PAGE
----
Instagram is updating their video feed to make it more streamlined, which makes a ton of sense. Twitter is letting people organize their feed chronologically. We don’t get a ton of Snapchat news, but they’re adding some new monetization tools to hook creators. As always, a lot is happening! Let’s dive in.
1. Instagram In-Feed video and IGTV are now one thing
Instagram has a lot going on in the video space, so the move to merge some of the video products makes a ton of sense. Essentially, IGTV and in-feed video are now the same thing, and will be called Instagram Video. Here’s some more from Instagram:
Creators can continue to cross-post their videos through Stories and share via direct message. Using all our surfaces provides multiple ways for creators to tell their stories and engage with their communities. Video previews in feed will now be 60 seconds long, unless the video is eligible for ads — in which case, the preview will still be 15 seconds.
2. Twitter makes it easier to go back to a chronological feed
This is important because it allows users to effectively turn off the algorithm. “Latest” lets your view your timeline posts in real time, without the interference of Twitter’s algorithm. Here’s what Twitter says:
Top Tweets first or latest Tweets first? We’re making it easier to switch between the two timelines and know which one you’re scrolling.
Now testing with some of you on iOS: swipe between "Home" and "Latest" on the Home tab to choose which Tweets you see first. pic.twitter.com/LoyAN4cONu
— Twitter Support (@TwitterSupport) October 12, 2021
3. Instagram is adding more in-app alerts for account policy violations and technical problems
We’re not trying to get our hopes up, but this sounds like they’re going to try to offer more insight about account status and problems that arise. Anyone who has ever encountered a suspension without explanation knows how aggravating it is. Here’s hoping for a shred of transparency regarding account problems and Instagram outages:
We're going to test out new notifications when certain parts of Instagram aren't working, and we notice that people have a lot of questions. We want to make it easier to understand what's going on, directly from the source. For now, we'll be testing it out just in the US. pic.twitter.com/AqDWQISAS2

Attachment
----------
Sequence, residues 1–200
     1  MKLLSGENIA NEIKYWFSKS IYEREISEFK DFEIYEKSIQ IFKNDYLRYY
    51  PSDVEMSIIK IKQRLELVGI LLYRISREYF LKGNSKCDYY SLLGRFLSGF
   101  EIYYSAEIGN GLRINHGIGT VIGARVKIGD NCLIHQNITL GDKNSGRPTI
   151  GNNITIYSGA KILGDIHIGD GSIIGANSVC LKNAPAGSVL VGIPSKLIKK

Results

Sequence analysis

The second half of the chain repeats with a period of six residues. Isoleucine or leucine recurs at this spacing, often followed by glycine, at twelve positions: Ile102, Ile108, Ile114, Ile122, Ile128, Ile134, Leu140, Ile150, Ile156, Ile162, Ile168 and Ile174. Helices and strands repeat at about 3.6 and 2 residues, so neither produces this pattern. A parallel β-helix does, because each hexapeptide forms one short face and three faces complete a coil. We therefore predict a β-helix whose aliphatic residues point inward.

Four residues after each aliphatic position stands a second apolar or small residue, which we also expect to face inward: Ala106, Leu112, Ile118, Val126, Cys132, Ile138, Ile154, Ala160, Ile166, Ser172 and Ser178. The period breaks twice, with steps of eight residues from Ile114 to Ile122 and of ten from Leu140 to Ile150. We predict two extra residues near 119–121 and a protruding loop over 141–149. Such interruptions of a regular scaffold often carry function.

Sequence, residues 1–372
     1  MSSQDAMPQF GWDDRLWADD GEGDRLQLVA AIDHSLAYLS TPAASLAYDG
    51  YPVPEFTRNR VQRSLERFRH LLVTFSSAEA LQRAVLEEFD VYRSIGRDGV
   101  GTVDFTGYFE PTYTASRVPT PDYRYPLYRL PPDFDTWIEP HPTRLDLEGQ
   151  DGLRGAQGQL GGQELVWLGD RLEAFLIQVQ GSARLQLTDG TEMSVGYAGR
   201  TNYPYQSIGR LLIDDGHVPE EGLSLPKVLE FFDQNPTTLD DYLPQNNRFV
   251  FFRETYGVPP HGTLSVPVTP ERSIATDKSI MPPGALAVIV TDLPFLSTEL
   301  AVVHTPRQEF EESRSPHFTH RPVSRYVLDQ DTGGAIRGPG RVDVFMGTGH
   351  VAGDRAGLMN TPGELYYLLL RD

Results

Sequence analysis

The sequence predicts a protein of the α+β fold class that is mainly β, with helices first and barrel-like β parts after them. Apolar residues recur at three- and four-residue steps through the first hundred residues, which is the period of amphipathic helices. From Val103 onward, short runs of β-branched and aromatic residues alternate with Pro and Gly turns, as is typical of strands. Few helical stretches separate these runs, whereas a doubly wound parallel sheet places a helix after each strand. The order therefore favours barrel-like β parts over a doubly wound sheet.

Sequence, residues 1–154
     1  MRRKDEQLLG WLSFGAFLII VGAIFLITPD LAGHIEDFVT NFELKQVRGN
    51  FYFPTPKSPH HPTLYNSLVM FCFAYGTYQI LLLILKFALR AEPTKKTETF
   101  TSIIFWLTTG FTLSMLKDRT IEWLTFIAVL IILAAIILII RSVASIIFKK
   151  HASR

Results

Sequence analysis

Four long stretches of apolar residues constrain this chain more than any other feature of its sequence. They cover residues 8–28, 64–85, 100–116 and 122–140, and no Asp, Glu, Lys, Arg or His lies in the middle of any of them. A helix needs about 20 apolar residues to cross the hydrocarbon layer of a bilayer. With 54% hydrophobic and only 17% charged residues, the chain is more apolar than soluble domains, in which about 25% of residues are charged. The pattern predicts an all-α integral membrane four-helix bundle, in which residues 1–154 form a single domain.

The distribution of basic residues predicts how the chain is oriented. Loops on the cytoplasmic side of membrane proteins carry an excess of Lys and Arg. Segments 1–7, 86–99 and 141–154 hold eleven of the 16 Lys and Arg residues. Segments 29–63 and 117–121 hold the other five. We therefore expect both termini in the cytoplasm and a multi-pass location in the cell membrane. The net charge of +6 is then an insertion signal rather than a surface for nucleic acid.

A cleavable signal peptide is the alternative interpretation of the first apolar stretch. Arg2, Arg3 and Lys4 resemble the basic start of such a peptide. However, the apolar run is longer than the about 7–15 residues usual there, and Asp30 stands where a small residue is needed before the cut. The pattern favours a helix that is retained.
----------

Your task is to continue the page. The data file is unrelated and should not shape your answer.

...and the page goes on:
— Instagram Comms (@InstagramComms) October 11, 2021
4. Snapchat is introducing Spotlight Challenges
It looks like Snapchat is trying to come up with new ways to incentivize creators. You can enter challenges using specific Sounds, Lenses, #Topics, etc. and win money. Here’s some information:
Snapchatters can win a share of the total prize amount available for each Spotlight Challenge, which will typically range from $1k to $25k, although occasionally we may make available a larger sum for a particular Challenge. The minimum prize that a Snapchatter can win in a Spotlight Challenge is $250 USD!
To participate, visit the Trending Page, accessed via the trending symbol on the top right corner of Spotlight within Snapchat. Select the Challenge you want to participate in to see that specific Challenge’s page, which will feature the Challenge description and entries submitted by the community. Tap “Challenge Details” for additional Challenge-specific details like available prizes and the submission deadline. Tap the camera icon to open the Snapchat camera. Create and submit!
5. Facebook launches ‘Audio’
This is interesting. In addition to their Live Audio Rooms, Facebook will launch an Audio content hub of sorts, expanding Live Audio Rooms and adding podcast-type content and a TikTok for audio, featuring short audio clips. More here:
Facebook is expanding its investment in audio initiatives with the launch of a new “Audio” destination in its mobile app in the U.S., where users will be able to discover in one place all the audio formats Facebook now hosts, including podcasts, Live Audio Rooms and short-form audio. The company says it’s also making its Clubhouse rival, Live Audio Rooms, more broadly available to global users, and is beginning to roll out a new product called Soundbites, a sort of TikTok for audio offering short audio clips.
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